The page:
80/20. An old way of getting 100% financing that’s generally not available any more. Instead of making one loan at 100%, lenders would make one at 80% and another at 20%. Doing so avoided PMI, which was good for borrowers, but left banks unprotected when borrowers defaulted, which is why 80/20 loans are generally not available any more.
Agent. See “Real Estate Agent”.
Amortization. Paying a debt through periodic payments, rather than all at once.
Appraisal. A professional estimate of value prepared by an appraiser. The bank requires this because if you fail to make your payments and they have to foreclose on your home and sell it, they want to make sure the house is worth more than the amount they’re loaning to you.
Assumption. Buying a house by paying some cash and then taking over the seller’s existing mortgage yourself, continuing to make the monthly payments to the bank. Saves you from having to qualify for your own loan, but fairly rare.
Borrower/Buyer. These terms are generally used interchangeably, though technically there’s a difference. The buyer of course is the person buying a property, and the borrower is a person who gets a loan to buy a property. We use “buyer” when we’re talking about the purchase, and “borrower” when we’re talking about the loan. Note that not every buyer is a borrower, since some buyers pay cash.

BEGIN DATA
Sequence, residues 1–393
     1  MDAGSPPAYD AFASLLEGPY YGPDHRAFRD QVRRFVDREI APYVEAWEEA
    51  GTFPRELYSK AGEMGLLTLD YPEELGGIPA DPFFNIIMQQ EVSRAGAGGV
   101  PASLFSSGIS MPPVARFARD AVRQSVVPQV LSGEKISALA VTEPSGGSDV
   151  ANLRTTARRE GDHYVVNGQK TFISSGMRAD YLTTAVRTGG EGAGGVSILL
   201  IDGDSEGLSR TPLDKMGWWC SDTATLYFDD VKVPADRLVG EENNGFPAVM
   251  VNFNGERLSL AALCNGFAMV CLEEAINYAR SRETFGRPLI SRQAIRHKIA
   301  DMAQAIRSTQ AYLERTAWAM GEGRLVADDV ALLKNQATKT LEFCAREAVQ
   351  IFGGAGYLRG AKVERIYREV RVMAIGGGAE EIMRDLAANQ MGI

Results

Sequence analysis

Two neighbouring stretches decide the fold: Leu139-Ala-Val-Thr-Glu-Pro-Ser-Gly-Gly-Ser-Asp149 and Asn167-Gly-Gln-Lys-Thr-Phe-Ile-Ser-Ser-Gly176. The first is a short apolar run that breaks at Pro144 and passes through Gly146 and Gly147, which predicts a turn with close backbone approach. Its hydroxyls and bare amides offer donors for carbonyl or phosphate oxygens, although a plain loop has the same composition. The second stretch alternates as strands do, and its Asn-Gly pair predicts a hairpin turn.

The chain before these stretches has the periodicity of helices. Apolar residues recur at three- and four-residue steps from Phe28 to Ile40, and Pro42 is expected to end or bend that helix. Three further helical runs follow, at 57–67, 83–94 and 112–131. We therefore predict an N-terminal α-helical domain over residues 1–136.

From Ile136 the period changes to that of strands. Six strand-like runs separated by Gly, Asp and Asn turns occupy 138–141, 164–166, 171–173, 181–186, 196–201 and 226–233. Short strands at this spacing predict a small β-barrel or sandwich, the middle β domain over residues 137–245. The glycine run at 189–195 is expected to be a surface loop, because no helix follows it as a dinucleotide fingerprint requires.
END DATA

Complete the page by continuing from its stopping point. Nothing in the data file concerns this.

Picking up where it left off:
Closing. The actual purchase transaction. You go to the office of the company handling the transaction (often a title company) and sign all the papers.
Closing Costs. Various fees you pay related to the purchase, often around 2-5% of the purchase price.
Contract. The document in which the seller agrees to sell the house to you and you agree to buy it. You often have a number of “outs” which let you back out of the contract.
Conventional. Fancy word for “normal”. A conventional loan is a normal loan. No wonder real estate is confusing, huh? The other kinds of loans are FHA and VA.
Debt Ratio. The ratio of your debt to your income. Banks use this to figure out how much money they’re willing to loan you, which of course impacts what price home you’re able to buy.
Deed. A document that transfers ownership of property from one person to another. You’ll get a copy of this at closing.
Disclosure (Seller’s Disclosure). Prior to closing, the seller is required to give you a form detailing all the physical problems with the house that they’re aware of.
Down Payment. The portion of the sale price that you pay in cash. The rest is paid with the mortgage.
Earnest Money. A deposit you pay when you sign a contract with the seller to show that you’re serious about buying and not just window-shopping. This amount is deducted from the sale price at closing.
Equity. The amount of value you own in a property, after subtracting the outstanding loan. For example, if your house is worth $200,000, and there is $150,000 left on your mortgage, your equity is $50,000.